documented cases of women giving birth in their cells without any medical
attention.  Just this month, a
judge in Maine ordered a pregnant woman to remain in jail
because she is
HIV-positive, until her attorneys and a coalition of "friends of the court" persuaded
the judge that this not only violated the woman’s rights to fair treatment, but
would likely result in disruptions in the medical care that he claimed was his
reason for imprisoning her.

Ours is a culture where a pregnant woman’s every move is
increasingly scrutinized by family, friends, co-workers, and perfect strangers.
People feel free to pass judgment on what a pregnant woman eats, drinks, and
does: Is she gaining too much weight or not enough? Is that coffee
decaffeinated? Is that a glass of wine in her hand? Pregnant women themselves
may be confused by conflicting messages, even from within the scientific
community, about what they should do, for example, whether it is safe to eat
fish. As unwelcome as these judgments and uncertainties may be, they pale in
comparison to what happens when those in the government decide to wield their
power as state actors to monitor and punish a woman for her actions during
pregnancy.

The Confirmation Hearings as an Opportunity to Affirm
Women’s Rights

We know we can expect members of the Judiciary Committee to
ask questions about Roe v. Wade and
abortion rights in the confirmation hearings, and they should – Judge Sotomayor
does not have much of a record on these vital issues.

We also hope the Committee will ask Judge Sotomayor whether
she believes there is a point in pregnancy at which women lose their civil
rights, and if so, on what basis they lose them. This question is important,
because the actions of judges, prosecutors, and other state actors who would
deprive pregnant women of their rights rest on the assumption that pregnant
women are no longer persons. They rest on the assumption that when women become
pregnant, they somehow fall out of the category of "person" and into another category,
more reminiscent of the 19th century, where they can be erased
from the protections of the constitution. For example, when a judge sided with
hospital administrators who wanted to surgically remove Angela
Carder
‘s fetus at 26 weeks of pregnancy because she was dying of cancer,
those parties treated Carder literally as if she were no more than a vessel for
the fetus, not as a person with her own aspirations for her future child, who
maintained her rights to informed consent and bodily integrity.

Similarly,
when police, prosecutors, and judges seek to jail women for using drugs when
they are pregnant, they are deciding that the normal rules don’t apply – while
they would rarely if ever arrest a man and charge him with drug possession on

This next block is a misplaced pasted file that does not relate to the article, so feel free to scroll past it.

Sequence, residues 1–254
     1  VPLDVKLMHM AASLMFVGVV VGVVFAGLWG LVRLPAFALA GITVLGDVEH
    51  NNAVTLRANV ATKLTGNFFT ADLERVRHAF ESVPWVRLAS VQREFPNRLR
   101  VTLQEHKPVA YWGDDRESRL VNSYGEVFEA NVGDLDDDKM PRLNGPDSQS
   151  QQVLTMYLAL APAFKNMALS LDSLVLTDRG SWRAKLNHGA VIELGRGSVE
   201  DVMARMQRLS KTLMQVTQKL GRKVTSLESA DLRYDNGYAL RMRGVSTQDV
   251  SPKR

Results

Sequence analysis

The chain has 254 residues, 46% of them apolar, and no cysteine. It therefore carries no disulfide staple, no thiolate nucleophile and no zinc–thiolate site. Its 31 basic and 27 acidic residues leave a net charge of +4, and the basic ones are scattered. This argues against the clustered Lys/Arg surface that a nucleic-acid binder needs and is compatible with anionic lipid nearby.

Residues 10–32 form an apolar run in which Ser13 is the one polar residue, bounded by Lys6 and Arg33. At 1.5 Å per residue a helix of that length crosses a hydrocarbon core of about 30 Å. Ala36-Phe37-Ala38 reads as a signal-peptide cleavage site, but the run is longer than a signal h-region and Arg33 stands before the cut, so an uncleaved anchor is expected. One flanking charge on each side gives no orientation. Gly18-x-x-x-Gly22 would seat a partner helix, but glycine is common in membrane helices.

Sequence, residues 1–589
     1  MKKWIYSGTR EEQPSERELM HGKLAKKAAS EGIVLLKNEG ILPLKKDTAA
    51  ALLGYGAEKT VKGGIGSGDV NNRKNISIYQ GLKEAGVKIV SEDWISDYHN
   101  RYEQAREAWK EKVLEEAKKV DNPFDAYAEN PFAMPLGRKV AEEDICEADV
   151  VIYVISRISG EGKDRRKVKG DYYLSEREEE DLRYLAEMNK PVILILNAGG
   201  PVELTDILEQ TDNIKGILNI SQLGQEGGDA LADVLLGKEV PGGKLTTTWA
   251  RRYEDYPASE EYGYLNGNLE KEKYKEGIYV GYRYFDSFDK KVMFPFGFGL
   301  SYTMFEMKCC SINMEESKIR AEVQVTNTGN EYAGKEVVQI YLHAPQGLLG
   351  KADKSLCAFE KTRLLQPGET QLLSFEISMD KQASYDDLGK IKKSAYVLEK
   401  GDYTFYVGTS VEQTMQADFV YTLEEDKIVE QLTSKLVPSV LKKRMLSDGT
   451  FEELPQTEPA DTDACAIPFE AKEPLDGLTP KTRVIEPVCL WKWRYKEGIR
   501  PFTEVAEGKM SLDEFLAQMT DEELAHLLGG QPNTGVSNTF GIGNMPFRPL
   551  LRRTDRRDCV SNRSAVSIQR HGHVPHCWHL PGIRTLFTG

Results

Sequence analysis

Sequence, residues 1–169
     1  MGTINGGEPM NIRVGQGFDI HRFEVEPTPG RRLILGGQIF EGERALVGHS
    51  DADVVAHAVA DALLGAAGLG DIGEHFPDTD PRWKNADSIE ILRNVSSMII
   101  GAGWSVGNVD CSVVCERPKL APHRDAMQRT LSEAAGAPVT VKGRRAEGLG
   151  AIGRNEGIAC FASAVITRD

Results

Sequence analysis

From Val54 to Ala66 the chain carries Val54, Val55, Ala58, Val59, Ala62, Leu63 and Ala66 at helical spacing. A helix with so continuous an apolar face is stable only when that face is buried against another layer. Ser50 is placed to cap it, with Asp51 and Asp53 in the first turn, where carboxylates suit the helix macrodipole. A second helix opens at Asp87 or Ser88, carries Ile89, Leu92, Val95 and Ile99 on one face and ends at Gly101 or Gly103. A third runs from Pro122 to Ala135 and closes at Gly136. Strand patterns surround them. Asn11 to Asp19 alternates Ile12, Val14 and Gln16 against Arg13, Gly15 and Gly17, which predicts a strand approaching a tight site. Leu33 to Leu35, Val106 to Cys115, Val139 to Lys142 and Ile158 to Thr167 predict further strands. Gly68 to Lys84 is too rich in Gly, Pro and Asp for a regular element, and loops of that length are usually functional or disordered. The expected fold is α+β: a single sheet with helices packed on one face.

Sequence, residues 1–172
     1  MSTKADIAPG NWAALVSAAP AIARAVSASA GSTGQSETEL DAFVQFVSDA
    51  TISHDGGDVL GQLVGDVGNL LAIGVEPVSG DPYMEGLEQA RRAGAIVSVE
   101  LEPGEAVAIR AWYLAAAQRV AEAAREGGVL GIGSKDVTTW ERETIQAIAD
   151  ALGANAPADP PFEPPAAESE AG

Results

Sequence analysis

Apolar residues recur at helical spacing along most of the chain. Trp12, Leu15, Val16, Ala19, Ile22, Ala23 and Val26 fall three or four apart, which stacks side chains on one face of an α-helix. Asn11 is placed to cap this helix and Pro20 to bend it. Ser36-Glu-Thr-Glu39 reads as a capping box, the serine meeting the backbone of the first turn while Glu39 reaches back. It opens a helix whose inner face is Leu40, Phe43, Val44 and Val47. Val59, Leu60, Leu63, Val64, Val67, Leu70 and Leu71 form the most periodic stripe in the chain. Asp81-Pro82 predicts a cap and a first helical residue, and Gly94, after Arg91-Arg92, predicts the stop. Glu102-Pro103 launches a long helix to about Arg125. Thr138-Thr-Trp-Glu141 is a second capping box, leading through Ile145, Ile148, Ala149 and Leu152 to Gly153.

the basis of a positive drug test, they do arrest women on that basis, because
in their eyes, being pregnant means that women have forfeited their rights to
equal treatment and due process of law.

The Court’s decision in Roe
v. Wade
is not perfect. Feminists, as well as those who believe that
abortion should be illegal, have found fault with the decision; for instance,
feminists have critiqued the way that the Roe
decision relies on constitutional notions of privacy instead of equality. Yet
the meaning and significance of Roe
has been unmistakable: for 36 years, it has broadcast the message that women
have the right to make decisions about their bodies and their lives.

In practice, women cannot carry out their decisions without
access to reproductive health care, including safe abortion. Medical
professionals who provide abortion care are facing renewed risks of harassment
and violence. Dr. Tiller lost his life because of his commitment to ensuring
that women could control theirs. The Judiciary Committee, the entire Congress,
the Obama Administration, and the courts need to do more to protect the rights
and safety of women and medical providers.

Resources:

  • Timeline
    of Supreme Court decisions on contraception and abortion
  • Stories of
    women who have had abortions, and
    of physicians who provide abortions
  • Information
    and analysis
    of women’s status and the politics of fetal rights

News Health Systems

Complaint: Citing Catholic Rules, Doctor Turns Away Bleeding Woman With Dislodged IUD

Amy Littlefield

“It felt heartbreaking,” said Melanie Jones. “It felt like they were telling me that I had done something wrong, that I had made a mistake and therefore they were not going to help me; that they stigmatized me, saying that I was doing something wrong, when I’m not doing anything wrong. I’m doing something that’s well within my legal rights.”

Melanie Jones arrived for her doctor’s appointment bleeding and in pain. Jones, 28, who lives in the Chicago area, had slipped in her bathroom, and suspected the fall had dislodged her copper intrauterine device (IUD).